Sunday, December 16, 2012

Certain Songs Part XVIII: Cheepnis

Yeah, OK, it has been a while. I read somewhere that the feud between Apple and Google is why Blogger has become staggeringly annoying to use on a Mac, compared to how easy it used to be. Also explains the awful Apple Maps app that can actually give life-threatening directions if you are in Australia. But then, says The Onion, “Apple Promises To Fix Glitches In Map Software By Rearranging Earth’s Geography.”

Anyway, the list continues.

Part I (150–152) here.
Part II (147–149) here.
Part III (144–146) here.
Part IV (141–143) here.
Part V (138–140) here.
Part VI (135–137) here.
Part VII (132–134) here.
Part VIII (129–131) here.
Part IX (126–128) here.
Part X (123–125)here
Part XI (120–122)here
Part XII (117–119)here
Part XIII: (114–116) here.
Part XIV (111–113) here.
Part XV (108–110) here.
Part XVI (105–107) here.
Part XVII (104–101) here.

Echo & the Bunnymen

I came kind of late to this particular party; while I was familiar with Echo & the Bunnymen back in the 80s, and I remember when Ian McCulloch left the band in 1988 and everyone in colleges across the country was quite upset, and I did like a few scattered songs here and there (especially “The Killing Moon,” see later in this list), I didn’t really get into them in earnest until their original five albums were reissued in the early 2000s. Crocodiles was their debut, and it has to go down as one of the best debut albums of all time. They’d get better, sure, especially by Ocean Rain, but it's hard to find a bad track on Crocodiles. Mix two parts doomy post-punk à la Joy Division with one part psychedelia and you pretty much have Echo (or more precisely, the Bunnymen; Echo was the name of the band’s drum machine that was jettisoned before they started recording). Four years before Johnny Marr appeared on the scene to reinvent the guitar sound of the 80s, Will Sergeant was creating unique soundscapes and moods. The highlight here is “Rescue,” with its chiming opening riff. “Villiers Terrace”—“There’s people rolling round on the carpets”—was inspired by a story about how Hitler used to get upset and chew on the carpet (recounted in William Shirer’s Rise and Fall of the Third Reich). “Stars Are Stars” is also a highlight. And the closing song “Happy Death Men” does live up to its name! Their next album, Heaven Up Here, was a bit more experimental.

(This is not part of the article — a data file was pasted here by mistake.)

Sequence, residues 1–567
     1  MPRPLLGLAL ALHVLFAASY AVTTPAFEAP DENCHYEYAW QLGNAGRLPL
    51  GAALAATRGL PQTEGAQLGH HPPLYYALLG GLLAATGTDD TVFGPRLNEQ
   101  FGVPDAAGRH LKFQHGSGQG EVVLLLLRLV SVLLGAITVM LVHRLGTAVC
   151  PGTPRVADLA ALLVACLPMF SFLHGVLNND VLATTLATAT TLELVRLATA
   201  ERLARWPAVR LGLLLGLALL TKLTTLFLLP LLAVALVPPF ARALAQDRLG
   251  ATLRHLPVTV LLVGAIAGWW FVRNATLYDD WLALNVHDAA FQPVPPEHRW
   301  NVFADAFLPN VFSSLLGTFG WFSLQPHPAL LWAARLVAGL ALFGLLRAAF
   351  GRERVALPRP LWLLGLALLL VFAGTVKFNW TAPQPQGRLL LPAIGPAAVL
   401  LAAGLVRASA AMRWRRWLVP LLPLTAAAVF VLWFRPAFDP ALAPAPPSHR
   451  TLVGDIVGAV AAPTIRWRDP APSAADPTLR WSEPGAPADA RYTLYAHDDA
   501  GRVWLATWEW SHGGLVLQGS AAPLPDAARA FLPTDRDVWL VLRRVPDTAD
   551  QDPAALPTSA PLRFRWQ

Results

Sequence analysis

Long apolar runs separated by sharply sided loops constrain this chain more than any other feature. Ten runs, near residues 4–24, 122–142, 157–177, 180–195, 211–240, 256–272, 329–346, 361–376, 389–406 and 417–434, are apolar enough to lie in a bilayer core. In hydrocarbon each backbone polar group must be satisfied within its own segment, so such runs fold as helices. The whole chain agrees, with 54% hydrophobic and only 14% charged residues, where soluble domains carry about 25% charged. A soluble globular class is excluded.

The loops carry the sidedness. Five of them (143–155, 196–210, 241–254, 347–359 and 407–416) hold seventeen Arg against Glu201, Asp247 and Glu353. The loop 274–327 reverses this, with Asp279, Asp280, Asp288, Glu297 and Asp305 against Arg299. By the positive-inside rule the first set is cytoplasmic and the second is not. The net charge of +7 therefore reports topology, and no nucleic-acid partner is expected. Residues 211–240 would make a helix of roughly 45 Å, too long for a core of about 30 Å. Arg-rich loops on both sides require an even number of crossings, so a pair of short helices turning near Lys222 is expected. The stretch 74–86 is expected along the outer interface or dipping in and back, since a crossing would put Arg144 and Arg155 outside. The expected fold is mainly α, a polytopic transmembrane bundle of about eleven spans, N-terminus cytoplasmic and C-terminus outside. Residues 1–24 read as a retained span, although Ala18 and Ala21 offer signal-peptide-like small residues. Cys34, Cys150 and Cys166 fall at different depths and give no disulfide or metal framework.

Roger Waters
Radio KAOS

As a crazy nuts Pink Floyd fan, I picked up Waters’ second proper solo album Radio KAOS (no, there is nothing about Get Smart on it) probably the second it was released, and I played it virtually nonstop throughout 1987. As a concept album, or “rock opera,” if you prefer (and I’d understand if you didn’t prefer), the plot isn’t so much half-baked as quite raw. Basically, a vegetable savant manages to steal a cordless phone and call an LA DJ using his mind (he can communicate via radio waves, kind of like The Who’s Tommy as conceived by Nokia), and he eventually manages to hack into the Government’s computers and scare everyone into thinking WWIII has started. Yeah.

Musically, it was quite different from Waters’ previous Pros and Cons of Hitchhiking (see earlier in this list); it was a bit slicker, a bit more radio friendly (which didn’t help him get on the radio all that much), and more song-oriented. The bass-driven opener “Radio Waves” got some radio play, and “Who Needs Information” tries to advance the plot but doesn’t really. “Me or Him?” was mellow Waters, and side one closer “The Powers That Be” is one of Waters’ effective critiques of the Reagan/Thatcher era. Much of side two (or the last half of the album—that’s right, I didn’t have this on LP, I bought the CD straight away) deals with the simulated nuclear attack and its aftermath. “The Tide is Turning” ends on a hopeful note and may be the most uplifting song Roger Waters ever wrote, even if it was not reflected in reality. His Bleeding Heart Band actually does seem like a proper band (much of them had played on the latter half of the Pros and Cons tour). The usual sound effects add atmosphere and realism to the proceedings.